Description Usage Arguments Details Value Warning Author(s) Examples

View source: R/boot.slope.per.R

Obtains a confidence interval and (optionally) performs a hypothesis test for the slope of a population regression line in simple linear regression, using the percentile bootstrap method.

1 2 3 | ```
boot.slope.per(x, y, null.hyp = NULL,
alternative = c("two.sided", "less", "greater"),
conf.level = 0.95, type = NULL, R = 9999)
``` |

`x` |
a (non-empty) numeric vector of predictor-variable data values. |

`y` |
the corresponding numeric vector of response-variable data values. |

`null.hyp` |
the null-hypothesis value; if omitted, no hypothesis test is performed. |

`alternative` |
a character string specifying the alternative hypothesis; must be one of "two.sided" (default), "greater", or "less". |

`conf.level` |
the confidence level (between 0 and 1); default is 0.95. |

`type` |
character string specifying the type of CI; if user-supplied, must be one of "two-sided", "upper-bound", or "lower-bound"; defaults to "two-sided" if alternative is "two.sided", "upper-bound" if alternative is "less", and "lower-bound" if alternative is "greater". |

`R` |
the number of bootstrap replications; default is 9999. |

If `null.hyp = 0`

and `alternative = "two.sided"`

, then the
hypothesis test is equivalent to testing whether the predictor variable
is useful for making predictions.

A list with class "boot.regcor" containing the following components:

`Boot.values ` |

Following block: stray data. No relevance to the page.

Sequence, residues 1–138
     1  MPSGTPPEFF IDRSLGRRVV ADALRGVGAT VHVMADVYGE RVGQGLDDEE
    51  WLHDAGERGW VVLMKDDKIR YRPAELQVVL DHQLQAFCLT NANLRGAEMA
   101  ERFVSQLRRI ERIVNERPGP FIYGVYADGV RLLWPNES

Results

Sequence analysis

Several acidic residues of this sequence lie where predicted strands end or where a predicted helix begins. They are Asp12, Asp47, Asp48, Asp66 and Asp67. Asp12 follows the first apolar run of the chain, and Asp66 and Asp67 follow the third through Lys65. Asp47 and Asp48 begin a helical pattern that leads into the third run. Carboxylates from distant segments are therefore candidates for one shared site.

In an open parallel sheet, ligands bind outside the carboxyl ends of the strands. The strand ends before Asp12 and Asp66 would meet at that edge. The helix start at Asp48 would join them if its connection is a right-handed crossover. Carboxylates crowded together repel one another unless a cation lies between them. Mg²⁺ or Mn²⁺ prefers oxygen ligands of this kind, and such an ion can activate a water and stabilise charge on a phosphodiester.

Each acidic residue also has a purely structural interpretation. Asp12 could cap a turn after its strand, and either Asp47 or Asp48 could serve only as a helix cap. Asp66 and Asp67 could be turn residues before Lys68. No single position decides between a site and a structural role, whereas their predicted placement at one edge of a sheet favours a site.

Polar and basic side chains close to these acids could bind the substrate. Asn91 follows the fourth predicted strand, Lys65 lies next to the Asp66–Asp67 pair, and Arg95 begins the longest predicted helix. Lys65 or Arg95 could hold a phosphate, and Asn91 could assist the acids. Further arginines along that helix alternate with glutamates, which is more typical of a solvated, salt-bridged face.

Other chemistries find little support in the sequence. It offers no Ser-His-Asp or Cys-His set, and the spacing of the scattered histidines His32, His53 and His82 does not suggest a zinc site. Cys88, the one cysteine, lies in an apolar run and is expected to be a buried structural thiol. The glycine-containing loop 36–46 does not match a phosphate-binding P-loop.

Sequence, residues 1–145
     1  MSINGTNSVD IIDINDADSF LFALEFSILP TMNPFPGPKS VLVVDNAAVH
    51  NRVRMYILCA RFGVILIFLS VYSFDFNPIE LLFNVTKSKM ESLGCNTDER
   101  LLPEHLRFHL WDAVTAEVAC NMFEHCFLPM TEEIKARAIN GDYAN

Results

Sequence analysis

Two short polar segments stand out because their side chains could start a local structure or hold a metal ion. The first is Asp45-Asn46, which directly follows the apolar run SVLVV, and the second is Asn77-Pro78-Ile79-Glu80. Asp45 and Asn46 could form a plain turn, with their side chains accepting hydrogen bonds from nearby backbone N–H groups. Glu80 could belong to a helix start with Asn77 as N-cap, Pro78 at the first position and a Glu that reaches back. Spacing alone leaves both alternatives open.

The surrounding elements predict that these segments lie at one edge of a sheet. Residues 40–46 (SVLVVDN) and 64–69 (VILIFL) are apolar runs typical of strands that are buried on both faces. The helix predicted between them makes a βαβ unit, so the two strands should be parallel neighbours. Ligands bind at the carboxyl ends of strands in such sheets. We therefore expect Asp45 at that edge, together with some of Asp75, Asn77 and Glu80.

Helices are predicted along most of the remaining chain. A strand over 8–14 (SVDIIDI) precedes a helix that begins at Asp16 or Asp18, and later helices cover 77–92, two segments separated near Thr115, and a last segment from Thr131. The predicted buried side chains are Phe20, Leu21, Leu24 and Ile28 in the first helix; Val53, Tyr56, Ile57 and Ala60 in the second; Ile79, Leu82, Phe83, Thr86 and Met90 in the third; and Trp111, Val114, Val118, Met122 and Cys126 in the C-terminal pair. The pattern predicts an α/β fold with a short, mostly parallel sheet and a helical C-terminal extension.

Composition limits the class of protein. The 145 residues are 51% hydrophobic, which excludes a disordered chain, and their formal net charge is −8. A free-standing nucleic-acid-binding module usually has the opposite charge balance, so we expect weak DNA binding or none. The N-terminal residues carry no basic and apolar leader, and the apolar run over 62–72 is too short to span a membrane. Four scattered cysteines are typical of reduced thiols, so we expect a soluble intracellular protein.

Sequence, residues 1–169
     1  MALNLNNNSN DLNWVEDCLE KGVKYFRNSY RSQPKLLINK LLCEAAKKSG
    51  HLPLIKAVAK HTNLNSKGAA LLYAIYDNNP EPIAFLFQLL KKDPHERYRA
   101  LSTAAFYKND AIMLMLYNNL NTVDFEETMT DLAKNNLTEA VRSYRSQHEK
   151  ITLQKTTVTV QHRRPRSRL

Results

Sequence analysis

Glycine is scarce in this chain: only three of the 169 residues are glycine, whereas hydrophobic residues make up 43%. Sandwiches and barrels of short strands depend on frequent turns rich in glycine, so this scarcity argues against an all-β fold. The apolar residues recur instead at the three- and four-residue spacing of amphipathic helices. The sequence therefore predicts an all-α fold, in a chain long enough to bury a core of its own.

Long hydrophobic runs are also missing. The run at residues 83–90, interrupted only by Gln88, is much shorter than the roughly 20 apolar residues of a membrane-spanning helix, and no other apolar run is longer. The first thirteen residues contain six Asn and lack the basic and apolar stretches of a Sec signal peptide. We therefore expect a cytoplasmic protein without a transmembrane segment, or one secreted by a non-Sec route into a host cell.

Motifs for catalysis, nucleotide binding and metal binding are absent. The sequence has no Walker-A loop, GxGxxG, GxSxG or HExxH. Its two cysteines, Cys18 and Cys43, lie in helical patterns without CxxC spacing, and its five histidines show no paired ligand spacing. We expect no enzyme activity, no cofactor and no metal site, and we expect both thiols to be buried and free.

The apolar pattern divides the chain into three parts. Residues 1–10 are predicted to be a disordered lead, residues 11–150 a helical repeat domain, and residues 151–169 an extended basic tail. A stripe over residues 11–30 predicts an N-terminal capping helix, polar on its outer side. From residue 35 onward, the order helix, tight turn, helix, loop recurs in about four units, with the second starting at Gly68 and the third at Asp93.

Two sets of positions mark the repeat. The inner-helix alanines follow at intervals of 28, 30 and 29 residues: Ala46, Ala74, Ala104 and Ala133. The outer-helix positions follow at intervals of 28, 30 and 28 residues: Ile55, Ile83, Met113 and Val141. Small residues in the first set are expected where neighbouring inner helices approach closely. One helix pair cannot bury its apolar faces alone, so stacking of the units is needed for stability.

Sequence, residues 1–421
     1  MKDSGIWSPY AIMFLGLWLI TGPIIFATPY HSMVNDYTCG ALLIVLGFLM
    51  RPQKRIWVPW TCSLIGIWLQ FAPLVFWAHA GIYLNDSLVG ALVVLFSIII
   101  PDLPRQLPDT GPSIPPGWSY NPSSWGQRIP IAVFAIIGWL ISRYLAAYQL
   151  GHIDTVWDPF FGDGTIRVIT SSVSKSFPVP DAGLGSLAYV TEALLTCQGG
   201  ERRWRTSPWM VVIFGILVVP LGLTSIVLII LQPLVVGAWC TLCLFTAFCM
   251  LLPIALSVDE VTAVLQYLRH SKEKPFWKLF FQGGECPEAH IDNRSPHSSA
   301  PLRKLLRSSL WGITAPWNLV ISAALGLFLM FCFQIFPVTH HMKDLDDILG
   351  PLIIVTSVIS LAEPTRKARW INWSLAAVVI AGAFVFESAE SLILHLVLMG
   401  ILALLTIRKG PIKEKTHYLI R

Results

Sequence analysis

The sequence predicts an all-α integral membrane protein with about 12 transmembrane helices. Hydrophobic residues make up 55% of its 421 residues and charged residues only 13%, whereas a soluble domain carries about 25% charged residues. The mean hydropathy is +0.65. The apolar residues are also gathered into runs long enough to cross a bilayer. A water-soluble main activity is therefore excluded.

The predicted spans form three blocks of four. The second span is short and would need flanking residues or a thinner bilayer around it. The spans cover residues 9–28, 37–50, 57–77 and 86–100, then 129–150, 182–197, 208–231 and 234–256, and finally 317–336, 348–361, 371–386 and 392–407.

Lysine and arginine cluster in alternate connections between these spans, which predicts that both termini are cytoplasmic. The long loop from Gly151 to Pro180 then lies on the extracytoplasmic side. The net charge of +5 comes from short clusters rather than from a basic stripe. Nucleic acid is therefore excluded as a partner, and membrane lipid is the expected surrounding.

the point estimates for the slope obtained from the bootstrap. |

`Confidence.limits ` |
the confidence limit(s) for the confidence interval. |

`Header ` |
the main title for the output. |

`Variable.1 ` |
the predictor variable. |

`Variable.2 ` |
the response variable. |

`n ` |
the sample size. |

`Statistic ` |
the name of the statistic, here slope. |

`Observed ` |
the observed point estimate for the slope. |

`Replications ` |
the number of bootstrap replications. |

`Mean ` |
the mean of the bootstrap values. |

`SE ` |
the standard deviation of the bootstrap values. |

`Bias ` |
the difference between the mean of the bootstrap values and the observed value. |

`Percent.bias ` |
the percentage bias: 100*|Bias/Observed|. |

`Null ` |
the null-hypothesis value or NULL. |

`Alternative ` |
the alternative hypothesis or NULL. |

`P.value ` |
the P-value or a statement like P < 0.001 or NULL. |

`p.value ` |
the P-value or NULL. |

`Level ` |
the confidence level. |

`Type ` |
the type of confidence interval. |

`Confidence.interval ` |
the confidence interval. |

`cor.ana ` |
a logical; always FALSE for this function. |

This routine should be used only when bias is small and the sampling distribution is roughly symmetric, as indicated by the output of the bootstrap. Otherwise, use the BCa version.

Neil A. Weiss

1 2 3 4 5 6 7 8 9 10 11 12 13 14 15 16 17 18 | ```
# Lot size, house size, and value for a sample of homes in a particular area.
data("homes")
str(homes)
attach(homes)
# 95% (default) lower confidence bound for the slope of the population regression
# line relating lot size and value, a right-tailed test with null hypothesis 0,
# and 999 bootstrap replications.
boot.slope.per(LOT.SIZE, VALUE, null.hyp = 0, alternative = "greater", R = 999)
# See the preceding warning!
# 90% two-sided confidence interval for the slope of the population regression line
# relating house size and value, a right-tailed test with null hypothesis 0, and
# 999 bootstrap replications.
boot.slope.per(HOUSE.SIZE, VALUE, null.hyp = 0, alternative = "greater",
conf.level = 0.90, type = "two-sided", R = 999)
detach(homes) # clean up
``` |

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